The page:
Description of the tour

Some of the major successes of the tour included:

  • The talks at UWC, Wits and UCT. This was an important opportunity for the Shministim to encourage university students to stretch beyond their traditional lenses and meet the Shministim as Israelis, as human rights activists and as human beings campaigning for a peaceful end to the occupation.
  • Meetings with several Jewish audiences. The Shministim met twice with the SAJBD and once with a Jewish youth audience of about 25 people in Johannesburg where two older members of the religious community hurled abuse at them throughout much of the meeting. They also met with a group of 60 Herzlian students at Deer Park Cafe where all of the participants engaged intelligently and respectfully. They also met informally with a wide variety of Jews in Cape Town and Johannesburg who were so excited to engage mature Israelis who had committed themselves to ending the conflict. The majority of these interactions were positive, even –perhaps especially-when they were contested.
  • They delivered the Ashley Kriel Memorial lecture. This is a prestigious annual talk to commemorate one of the icons in the struggle against apartheid. The Shministim connected themselves to a long line of youth who are engaged in the struggle for human rights. They spoke to a hall of people who recognised their personal example, saw them as Israelis committed to the Palestinian cause and felt a sense of comradeship that reminded everyone present that youth still have a key role to play in building a decent future.
  • They spoke at the Tutu Peace Center. Here they engaged with members of the Black Sash and End Conscription Campaign as well as a group of students.

The Albow Centre Event

We are deeply concerned about events that took place at the Albow Centre on Wednesday 7 October. OSS hired the facility to host the Shministim so that they could engage with a predominantly Jewish audience in a venue where anyone in the community could feel comfortable.

First, our film crew was denied entry into the building by the centre security and Mr Simon Brovdovsky. Nowhere in the rules was it made clear to us that we could not bring a video crew into the venue. It is standard practice for people who hire the Albow Centre to be able to record events. Yet the same rules apparently did not apply to us. We were told that it was a security threat to have someone inside with a video camera. On the contrary, we believe had there been a video camera inside, the threatening, abusive behaviour that characterised the evening would have been less likely to occur as people would have thought carefully about their behaviour in the knowledge that it was recorded. It should be noted that no audience members would have been filmed against their will.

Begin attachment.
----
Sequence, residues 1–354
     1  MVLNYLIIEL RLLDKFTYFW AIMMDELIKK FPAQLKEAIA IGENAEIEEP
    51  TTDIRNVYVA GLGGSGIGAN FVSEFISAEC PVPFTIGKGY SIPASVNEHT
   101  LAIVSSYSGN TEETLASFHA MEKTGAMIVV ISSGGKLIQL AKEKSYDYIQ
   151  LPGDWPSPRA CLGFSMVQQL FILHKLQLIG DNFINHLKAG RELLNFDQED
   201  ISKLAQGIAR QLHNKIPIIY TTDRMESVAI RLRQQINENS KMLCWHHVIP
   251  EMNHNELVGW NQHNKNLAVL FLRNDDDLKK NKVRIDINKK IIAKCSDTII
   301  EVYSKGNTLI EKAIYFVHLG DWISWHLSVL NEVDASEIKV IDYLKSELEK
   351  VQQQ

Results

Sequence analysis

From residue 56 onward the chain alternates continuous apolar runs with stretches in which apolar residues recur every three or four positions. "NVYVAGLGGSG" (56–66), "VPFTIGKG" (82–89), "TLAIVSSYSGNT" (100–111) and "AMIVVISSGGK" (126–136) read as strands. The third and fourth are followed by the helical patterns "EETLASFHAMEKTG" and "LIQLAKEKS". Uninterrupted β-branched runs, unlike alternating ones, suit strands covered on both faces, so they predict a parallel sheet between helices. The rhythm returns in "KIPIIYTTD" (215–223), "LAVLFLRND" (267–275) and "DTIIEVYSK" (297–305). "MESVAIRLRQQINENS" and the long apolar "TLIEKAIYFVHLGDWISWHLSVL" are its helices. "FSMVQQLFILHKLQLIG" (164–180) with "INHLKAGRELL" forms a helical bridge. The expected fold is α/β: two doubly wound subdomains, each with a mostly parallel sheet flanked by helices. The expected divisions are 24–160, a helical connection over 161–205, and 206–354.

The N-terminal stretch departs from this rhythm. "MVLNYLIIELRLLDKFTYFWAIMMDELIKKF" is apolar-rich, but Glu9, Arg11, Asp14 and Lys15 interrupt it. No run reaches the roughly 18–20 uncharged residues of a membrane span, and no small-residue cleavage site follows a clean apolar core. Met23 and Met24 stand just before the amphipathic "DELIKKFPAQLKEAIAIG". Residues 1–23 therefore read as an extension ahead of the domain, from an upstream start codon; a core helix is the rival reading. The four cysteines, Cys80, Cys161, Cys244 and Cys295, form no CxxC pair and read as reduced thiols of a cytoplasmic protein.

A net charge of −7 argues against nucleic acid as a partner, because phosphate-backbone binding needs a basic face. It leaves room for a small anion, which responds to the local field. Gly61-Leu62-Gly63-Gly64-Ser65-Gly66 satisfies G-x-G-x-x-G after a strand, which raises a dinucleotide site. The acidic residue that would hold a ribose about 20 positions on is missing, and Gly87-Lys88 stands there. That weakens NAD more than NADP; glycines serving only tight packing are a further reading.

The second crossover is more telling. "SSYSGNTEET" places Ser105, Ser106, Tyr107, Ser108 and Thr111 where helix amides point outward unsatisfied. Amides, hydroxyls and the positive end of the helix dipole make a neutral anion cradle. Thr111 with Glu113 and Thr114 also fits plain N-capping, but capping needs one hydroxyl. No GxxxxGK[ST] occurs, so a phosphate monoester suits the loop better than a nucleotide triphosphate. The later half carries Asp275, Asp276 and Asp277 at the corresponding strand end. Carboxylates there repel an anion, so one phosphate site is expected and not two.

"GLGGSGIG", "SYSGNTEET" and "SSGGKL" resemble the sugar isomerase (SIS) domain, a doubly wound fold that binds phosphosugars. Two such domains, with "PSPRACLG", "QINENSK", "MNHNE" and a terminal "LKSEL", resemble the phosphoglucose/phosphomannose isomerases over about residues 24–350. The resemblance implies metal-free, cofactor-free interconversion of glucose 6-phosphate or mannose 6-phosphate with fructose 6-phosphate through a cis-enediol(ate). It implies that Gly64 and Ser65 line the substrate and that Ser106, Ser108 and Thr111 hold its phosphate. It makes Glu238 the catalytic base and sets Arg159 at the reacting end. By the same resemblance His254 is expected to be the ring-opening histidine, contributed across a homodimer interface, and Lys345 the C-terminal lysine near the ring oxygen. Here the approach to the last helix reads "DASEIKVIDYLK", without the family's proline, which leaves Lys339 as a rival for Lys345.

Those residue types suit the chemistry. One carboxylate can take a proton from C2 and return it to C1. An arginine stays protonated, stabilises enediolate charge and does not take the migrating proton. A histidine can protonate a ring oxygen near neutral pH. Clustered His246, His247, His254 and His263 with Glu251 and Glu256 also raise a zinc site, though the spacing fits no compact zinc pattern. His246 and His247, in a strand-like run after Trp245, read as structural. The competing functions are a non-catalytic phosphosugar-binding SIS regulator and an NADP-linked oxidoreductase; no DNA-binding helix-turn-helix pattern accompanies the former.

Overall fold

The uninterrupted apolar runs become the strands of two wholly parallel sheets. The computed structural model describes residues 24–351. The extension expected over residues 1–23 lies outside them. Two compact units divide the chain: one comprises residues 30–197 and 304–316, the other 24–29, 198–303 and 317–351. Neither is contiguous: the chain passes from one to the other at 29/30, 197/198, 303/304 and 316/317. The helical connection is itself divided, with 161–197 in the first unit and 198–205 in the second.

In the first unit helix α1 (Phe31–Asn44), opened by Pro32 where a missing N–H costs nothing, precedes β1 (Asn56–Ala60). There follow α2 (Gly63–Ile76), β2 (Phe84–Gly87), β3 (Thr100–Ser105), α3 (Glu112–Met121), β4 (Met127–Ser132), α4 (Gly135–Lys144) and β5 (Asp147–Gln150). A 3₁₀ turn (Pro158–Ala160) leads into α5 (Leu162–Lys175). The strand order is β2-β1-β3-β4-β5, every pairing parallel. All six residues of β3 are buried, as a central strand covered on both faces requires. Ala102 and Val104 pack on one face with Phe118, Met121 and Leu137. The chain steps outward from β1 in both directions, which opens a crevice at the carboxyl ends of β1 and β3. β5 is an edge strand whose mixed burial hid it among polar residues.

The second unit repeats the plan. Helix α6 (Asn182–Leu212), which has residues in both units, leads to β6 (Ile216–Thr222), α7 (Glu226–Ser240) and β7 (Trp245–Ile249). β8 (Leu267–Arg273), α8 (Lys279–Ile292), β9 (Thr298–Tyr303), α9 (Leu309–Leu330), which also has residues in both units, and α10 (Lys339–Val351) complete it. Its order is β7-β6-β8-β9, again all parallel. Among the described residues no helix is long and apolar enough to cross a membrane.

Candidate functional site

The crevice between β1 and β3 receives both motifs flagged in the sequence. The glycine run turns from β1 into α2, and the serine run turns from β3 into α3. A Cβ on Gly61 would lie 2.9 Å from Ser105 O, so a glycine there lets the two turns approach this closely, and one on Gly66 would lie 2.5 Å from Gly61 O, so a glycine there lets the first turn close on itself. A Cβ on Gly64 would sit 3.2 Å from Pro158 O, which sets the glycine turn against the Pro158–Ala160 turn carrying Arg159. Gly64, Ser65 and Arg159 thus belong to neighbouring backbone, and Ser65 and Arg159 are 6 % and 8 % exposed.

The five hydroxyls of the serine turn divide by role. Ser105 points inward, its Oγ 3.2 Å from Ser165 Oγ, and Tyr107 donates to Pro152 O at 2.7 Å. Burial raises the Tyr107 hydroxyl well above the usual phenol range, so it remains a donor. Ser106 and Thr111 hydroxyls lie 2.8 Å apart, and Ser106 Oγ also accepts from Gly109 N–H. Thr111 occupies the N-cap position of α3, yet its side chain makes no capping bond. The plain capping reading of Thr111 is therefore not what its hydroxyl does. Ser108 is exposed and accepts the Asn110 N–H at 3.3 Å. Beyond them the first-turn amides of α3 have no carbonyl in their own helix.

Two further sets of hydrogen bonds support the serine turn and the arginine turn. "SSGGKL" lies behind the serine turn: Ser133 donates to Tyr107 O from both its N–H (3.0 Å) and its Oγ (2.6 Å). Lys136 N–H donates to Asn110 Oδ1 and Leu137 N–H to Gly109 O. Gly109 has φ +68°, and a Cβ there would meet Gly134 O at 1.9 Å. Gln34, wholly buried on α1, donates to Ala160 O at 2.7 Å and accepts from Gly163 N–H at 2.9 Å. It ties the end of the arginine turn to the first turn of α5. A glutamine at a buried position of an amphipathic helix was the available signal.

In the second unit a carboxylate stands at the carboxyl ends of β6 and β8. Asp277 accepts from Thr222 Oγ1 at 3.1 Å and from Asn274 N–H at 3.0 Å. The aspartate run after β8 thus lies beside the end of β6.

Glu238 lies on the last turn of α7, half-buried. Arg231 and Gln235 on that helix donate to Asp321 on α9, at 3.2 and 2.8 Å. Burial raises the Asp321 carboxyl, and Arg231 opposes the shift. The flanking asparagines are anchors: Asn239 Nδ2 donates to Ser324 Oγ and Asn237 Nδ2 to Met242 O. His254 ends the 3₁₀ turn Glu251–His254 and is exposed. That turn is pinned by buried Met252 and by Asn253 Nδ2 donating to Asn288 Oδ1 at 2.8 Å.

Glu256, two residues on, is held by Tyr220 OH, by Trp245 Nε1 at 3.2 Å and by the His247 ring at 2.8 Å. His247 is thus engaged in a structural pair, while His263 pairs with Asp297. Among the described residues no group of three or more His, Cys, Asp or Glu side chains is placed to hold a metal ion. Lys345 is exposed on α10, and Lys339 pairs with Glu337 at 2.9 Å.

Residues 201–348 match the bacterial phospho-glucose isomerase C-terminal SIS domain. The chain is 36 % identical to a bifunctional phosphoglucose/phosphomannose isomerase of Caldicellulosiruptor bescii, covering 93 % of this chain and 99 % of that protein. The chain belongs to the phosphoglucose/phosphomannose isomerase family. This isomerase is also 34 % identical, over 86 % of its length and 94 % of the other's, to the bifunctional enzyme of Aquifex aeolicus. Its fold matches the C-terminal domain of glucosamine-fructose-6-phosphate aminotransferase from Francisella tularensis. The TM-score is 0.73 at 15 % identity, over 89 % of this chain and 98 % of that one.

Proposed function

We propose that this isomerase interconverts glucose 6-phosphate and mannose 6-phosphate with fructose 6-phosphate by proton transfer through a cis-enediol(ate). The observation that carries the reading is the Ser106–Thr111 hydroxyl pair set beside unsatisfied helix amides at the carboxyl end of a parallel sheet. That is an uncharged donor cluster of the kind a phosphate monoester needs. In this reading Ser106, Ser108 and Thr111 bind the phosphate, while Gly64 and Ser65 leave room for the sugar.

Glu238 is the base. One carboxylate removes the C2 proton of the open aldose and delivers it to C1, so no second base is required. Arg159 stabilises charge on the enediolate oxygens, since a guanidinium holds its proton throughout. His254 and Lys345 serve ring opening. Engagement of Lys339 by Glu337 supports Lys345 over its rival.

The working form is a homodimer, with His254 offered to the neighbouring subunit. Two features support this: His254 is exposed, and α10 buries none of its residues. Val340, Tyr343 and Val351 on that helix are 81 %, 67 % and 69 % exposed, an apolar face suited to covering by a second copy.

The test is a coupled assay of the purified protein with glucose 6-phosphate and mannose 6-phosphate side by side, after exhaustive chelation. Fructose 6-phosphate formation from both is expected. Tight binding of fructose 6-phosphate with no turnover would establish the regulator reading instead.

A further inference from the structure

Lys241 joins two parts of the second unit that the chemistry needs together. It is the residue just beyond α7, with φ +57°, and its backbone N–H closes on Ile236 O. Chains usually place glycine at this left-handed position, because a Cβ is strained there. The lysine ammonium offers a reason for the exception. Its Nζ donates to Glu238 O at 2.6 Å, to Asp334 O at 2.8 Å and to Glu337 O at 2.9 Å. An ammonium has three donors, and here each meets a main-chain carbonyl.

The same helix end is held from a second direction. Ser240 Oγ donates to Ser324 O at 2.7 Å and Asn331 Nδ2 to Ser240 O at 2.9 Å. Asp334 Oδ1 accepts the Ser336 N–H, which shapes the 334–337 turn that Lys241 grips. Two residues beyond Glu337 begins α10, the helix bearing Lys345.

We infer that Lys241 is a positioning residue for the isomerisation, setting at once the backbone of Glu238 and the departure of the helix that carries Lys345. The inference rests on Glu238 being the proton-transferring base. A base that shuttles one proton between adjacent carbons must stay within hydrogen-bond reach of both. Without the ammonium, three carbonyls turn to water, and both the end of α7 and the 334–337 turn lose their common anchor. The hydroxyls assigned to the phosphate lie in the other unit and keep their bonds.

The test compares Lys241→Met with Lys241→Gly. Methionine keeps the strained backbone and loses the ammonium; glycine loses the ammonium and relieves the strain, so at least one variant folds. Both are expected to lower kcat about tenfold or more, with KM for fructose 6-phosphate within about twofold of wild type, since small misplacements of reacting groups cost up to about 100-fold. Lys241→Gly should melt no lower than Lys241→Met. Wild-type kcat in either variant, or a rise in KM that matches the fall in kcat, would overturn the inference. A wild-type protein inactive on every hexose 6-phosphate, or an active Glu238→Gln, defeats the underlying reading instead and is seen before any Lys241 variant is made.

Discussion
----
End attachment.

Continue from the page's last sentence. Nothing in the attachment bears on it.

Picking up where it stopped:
Once we arrived inside the hall, we saw many people from a very specific right wing section of the community. Our strong feeling is that they were mobilised to confront the Shministim. Throughout the meeting there was heckling, abuse, provocative and childish behaviour. The Shministim were called cowards and traitors. Their Jewish identity was questioned. Someone shouted “They should be lynched”, another shouted “Knock some sense into them”. At one point Nathan Geffen requested David Jacobson to get security into the hall to deal with a man who was behaving aggressively towards him and Kira Shlesinger. This request was refused and it soon became apparent that the man in question was a friend of the security.

When the meeting ended, a few dozen people surged forward. They backed Ilan Strauss into a corner shouting abuse at him, crowded around the Shministim at the front and confronted Daniel Mackintosh in very aggressive tones. No security were present. Daniel was screamed at, told he was a traitor, a self-hating Jew, a fomenter of disunity and a disgrace to the community. Pushing and shoving started. At that point, Owen Futeran firmly stepped in, told people that they were acting disgracefully and ensured that Ilan could leave. After another 10 minutes, we managed to get the Shministim out. While we were on the steps, a man, known to the security, in an IDF shirt walked up to Daniel, said he was a disgrace, an embarrassment to the community and then said ‘And now we know what you look like. So be aware, now we know.’

The following day, Jessica Stillerman, someone completely uninvolved in the creation of the Shministim tour, was called anonymously and she received a death threat.

The following email was sent to OSS from de_oren@walla.com:

you’re all adisgrase….!!!!
how come you aloud yourself to speak in the name of Israel?!
you have no right to do that.
I hope that the 3 shministim will burn in hell for their lies and the same for you too- all this stupid organization….!!! you’re not “support human rights”… youre support terrorists and killers!!! you need to be ashamed of yourself…!